Whenever I receive negative feedback, I try to objectively decide if it has validity. If I decide the negatives are valid, then I decide whether they are something I can, or am willing, to change. And then I try to make appropriate changes to address them. Since I didn’t believe these insults are valid, I thought there was nothing I needed to change or correct. And yet, I couldn’t shake off those words. Then I had a “lightbulb” moment.

I realized that my reaction to the hater’s words prove that I’m not petty, toxic and manipulative (if I was any of those three things, I wouldn’t care what anyone said about me). But my reaction did highlight four other unflattering things: I always want to be right; I always want to have the last word; I am way too good at striking back with a vengeance when someone makes me mad or hurts me; and I can’t tolerate being rejected.

Project UP at the Downtown Disney Ampitheatre

Project UP at the Downtown Disney Ampitheatre

For three days, I had my finger poised over the “reply” button. I’m proud to say that I didn’t ever push it but boy, did I want to! I wanted to refute every single accusation and set the record straight so I could prove that I was right. I wanted to hit back, way below the belt. I played out imaginary conversations in my head, thinking of all the ways I could use my exceptional verbal skills to emotionally slash the hater. I was itching to have the final say.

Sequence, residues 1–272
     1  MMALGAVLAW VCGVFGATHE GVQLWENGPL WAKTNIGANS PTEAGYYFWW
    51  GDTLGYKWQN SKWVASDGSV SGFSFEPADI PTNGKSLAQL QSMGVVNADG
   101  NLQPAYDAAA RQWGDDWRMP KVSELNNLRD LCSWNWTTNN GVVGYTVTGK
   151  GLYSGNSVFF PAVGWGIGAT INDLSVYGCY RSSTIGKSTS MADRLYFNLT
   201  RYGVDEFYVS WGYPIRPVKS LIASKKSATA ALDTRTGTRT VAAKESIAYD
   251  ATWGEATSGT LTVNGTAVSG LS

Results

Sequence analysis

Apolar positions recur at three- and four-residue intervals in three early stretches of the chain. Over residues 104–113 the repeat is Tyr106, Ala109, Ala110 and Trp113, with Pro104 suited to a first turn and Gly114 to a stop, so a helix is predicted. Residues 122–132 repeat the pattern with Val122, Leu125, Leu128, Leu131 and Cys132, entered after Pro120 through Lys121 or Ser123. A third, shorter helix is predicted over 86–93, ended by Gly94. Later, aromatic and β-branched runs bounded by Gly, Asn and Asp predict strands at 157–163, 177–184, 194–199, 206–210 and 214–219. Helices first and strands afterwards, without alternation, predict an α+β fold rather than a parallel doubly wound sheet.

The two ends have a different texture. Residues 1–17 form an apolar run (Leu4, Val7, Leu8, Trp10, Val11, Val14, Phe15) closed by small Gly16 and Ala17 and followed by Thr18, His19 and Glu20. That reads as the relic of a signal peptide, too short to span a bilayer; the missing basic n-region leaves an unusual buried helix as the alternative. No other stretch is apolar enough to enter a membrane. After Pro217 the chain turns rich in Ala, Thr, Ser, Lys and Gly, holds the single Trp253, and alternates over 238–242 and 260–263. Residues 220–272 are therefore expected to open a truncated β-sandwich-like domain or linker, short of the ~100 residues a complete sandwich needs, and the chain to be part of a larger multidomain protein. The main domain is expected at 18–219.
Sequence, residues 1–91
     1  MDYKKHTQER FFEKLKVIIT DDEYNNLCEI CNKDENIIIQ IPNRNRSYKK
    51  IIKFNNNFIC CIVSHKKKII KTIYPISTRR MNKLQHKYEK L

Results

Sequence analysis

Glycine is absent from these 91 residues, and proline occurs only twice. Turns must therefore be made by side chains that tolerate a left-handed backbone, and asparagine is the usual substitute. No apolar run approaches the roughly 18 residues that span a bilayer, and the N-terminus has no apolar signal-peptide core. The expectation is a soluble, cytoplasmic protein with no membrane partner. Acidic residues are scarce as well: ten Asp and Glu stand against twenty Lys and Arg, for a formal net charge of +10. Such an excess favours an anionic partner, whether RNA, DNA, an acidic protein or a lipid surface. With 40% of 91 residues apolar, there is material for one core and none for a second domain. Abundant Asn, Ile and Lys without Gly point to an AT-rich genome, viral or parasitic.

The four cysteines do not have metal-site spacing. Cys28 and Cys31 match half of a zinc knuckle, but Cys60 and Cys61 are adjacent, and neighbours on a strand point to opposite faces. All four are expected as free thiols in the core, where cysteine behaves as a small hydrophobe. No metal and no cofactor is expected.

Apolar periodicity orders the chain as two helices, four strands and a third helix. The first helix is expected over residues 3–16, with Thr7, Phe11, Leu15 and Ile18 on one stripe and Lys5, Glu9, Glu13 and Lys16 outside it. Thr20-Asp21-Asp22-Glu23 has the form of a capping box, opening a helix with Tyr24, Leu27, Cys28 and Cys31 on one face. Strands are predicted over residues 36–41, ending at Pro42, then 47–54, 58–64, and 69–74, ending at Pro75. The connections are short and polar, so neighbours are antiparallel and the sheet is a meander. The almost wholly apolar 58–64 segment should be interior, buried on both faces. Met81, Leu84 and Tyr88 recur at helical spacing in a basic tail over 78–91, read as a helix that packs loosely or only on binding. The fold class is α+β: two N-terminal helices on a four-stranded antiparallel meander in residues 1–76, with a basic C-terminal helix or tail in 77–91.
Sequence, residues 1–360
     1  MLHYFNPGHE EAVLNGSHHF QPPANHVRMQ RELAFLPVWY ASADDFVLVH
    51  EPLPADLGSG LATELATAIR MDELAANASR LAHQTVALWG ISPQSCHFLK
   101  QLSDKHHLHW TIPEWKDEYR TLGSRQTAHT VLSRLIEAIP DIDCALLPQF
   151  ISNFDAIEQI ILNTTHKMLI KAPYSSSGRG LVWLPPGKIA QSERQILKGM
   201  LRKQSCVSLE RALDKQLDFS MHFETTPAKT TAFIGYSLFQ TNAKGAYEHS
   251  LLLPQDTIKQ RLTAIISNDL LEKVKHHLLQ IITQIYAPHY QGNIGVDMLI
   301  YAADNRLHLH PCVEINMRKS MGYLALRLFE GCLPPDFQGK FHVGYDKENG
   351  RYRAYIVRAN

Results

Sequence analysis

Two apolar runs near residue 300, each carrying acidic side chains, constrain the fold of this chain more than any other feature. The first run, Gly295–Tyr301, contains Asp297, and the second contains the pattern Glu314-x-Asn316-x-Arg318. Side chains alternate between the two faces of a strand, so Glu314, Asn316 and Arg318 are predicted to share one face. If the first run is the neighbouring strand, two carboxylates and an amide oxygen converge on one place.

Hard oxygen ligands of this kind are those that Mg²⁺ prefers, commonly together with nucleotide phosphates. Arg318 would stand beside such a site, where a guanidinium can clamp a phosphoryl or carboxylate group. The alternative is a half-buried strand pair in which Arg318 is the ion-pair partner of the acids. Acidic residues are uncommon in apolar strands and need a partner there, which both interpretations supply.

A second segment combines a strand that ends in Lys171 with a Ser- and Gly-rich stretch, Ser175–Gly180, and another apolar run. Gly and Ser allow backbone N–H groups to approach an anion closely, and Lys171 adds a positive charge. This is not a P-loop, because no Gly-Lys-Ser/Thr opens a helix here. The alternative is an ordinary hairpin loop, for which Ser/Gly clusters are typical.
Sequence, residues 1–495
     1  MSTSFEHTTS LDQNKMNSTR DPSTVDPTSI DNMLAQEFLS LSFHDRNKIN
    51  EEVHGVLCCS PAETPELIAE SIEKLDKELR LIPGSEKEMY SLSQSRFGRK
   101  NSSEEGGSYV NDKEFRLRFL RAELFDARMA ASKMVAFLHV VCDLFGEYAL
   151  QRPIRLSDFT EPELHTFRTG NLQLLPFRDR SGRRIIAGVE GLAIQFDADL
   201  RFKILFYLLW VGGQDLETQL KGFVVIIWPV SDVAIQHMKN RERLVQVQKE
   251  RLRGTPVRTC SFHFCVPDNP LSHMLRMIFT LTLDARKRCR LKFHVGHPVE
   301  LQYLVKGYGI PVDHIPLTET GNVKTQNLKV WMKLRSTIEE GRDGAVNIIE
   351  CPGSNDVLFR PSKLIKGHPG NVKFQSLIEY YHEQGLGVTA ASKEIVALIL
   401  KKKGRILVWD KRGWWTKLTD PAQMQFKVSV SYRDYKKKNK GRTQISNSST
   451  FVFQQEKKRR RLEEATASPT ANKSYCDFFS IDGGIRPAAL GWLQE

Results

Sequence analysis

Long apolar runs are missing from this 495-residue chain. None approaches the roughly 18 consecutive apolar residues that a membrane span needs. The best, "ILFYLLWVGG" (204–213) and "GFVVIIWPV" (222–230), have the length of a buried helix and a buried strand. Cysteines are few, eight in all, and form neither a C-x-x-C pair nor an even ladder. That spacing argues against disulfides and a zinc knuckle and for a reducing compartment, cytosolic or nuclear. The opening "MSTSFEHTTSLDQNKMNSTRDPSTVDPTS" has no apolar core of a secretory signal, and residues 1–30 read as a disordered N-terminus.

I was indignant at the rejection…how dare they think these unkind things about me? Don’t they know that our local newspaper says I’m one of the 10 Most Influential People in town? Don’t they know that I am supposed to be universally revered, just because I’m me? Don’t they remember all the nice things I did for them, all the times I overlooked their mistakes and helped them out of messes? How dare that hater…did they not read the rulebook that says “Everyone must like Debra, all the time, no matter what?”

I can’t believe I just admitted thinking all of that. It is pretty scary inside my head sometimes.